American Politics一門全英文的通識課，把我搞得七葷八素；姑且把名詞都整理一下，免得我漏掉。用書是Barack Obama的 The Audacity of Hope。對於沒看過任何與政治相關的英文書籍，平常更不關心政治的我，好累唷。但是既然都修了，就是要努力！
1. Check and Balance
The phrase "checks and balances" refers to the idea that no one branch of government can do something without any other branch of government being able to review that action and, possibly, stop it. Thus, the legislature can pass a law, but the President can veto it - that veto power is a check against the power to pass laws. However, the legislature can pass a bill over a presidential veto, so long as there are enough votes. Thus, that power is another check against the President's veto power. These checks create a balance of power, where no one branch of government has too much authority.
A federation is a type of sovereign state characterized by a union of partially self-governing states or regions united by a central (federal) government. In a federation, the self-governing status of the component states is typically constitutionally entrenched and may not be altered by a unilateral decision of the central government.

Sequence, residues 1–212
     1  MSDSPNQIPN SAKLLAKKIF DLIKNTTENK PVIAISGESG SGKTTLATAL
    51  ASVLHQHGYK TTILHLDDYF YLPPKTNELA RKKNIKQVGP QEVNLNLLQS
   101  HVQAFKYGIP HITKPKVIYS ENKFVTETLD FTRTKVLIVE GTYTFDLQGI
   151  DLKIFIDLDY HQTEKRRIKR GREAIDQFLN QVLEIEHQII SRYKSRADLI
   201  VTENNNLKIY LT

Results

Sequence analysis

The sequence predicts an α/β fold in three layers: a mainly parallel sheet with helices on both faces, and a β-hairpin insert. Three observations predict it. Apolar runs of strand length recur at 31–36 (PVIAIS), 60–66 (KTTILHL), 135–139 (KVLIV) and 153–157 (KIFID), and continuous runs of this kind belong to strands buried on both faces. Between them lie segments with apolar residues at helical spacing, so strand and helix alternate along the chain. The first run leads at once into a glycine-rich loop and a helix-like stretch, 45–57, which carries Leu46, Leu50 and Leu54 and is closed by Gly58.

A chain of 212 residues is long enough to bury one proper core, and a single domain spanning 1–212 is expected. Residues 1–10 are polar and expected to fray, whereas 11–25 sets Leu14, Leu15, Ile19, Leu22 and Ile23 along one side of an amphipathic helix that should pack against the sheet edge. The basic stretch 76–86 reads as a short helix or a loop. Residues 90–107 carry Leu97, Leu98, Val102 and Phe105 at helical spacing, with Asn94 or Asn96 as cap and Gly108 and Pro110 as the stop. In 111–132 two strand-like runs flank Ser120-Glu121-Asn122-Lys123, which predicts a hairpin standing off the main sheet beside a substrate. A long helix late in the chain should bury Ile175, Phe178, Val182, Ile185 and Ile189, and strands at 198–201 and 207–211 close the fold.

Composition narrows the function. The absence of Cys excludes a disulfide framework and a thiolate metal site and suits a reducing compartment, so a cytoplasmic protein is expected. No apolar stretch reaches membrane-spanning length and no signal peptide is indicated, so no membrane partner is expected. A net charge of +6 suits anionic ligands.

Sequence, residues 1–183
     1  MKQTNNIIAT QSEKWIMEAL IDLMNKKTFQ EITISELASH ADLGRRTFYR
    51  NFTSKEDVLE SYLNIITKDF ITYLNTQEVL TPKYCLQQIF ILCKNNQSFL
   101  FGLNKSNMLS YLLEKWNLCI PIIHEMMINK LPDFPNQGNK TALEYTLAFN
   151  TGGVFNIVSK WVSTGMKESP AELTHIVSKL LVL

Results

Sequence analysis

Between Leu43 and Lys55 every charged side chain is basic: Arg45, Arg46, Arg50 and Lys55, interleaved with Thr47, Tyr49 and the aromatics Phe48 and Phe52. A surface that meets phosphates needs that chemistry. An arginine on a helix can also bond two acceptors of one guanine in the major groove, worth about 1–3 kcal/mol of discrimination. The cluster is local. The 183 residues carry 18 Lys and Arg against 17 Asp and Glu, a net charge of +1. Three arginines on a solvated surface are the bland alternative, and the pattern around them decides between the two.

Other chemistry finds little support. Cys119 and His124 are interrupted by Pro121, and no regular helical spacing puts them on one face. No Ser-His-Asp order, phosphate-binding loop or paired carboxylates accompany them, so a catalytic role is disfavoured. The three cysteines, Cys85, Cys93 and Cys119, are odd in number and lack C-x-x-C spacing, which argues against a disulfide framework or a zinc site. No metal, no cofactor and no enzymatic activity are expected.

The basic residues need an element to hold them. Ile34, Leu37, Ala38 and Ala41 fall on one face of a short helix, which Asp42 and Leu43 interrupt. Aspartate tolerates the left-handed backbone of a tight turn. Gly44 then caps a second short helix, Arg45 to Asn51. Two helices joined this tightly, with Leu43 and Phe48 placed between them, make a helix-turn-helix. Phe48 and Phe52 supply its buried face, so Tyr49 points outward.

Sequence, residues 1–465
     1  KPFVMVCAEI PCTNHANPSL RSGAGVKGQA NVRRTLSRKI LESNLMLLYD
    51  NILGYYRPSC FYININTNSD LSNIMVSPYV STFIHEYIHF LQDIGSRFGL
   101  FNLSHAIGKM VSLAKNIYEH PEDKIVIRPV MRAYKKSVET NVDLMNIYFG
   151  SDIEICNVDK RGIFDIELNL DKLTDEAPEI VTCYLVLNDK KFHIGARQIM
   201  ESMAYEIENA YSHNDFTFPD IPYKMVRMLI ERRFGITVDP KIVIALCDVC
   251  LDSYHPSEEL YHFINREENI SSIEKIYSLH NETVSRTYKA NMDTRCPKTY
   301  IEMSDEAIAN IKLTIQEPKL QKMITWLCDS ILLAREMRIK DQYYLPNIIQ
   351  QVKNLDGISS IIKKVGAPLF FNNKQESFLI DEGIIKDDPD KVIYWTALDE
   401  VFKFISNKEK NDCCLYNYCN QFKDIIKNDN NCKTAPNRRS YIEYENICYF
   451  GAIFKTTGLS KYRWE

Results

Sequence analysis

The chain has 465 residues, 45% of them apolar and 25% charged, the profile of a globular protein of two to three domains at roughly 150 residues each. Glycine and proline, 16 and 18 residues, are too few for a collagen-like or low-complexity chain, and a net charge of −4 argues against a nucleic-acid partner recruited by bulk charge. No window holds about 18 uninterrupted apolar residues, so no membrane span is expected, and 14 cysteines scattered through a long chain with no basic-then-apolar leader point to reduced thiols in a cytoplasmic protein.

3. Separation of Power
Separation of Power is a model for the governance of a state. Under this model, the state is divided into branches, each with separate and independent powers and areas of responsibility so that no one branch has more power than the other branches. The normal division of branches is into an executive, a legislature, and a judiciary.
4. The Great Compromise
It was an agreement between large and small states reached during the Constitutional Convention of 1787 that in part defined the legislative structure and representation that each state would have under the United States Constitution.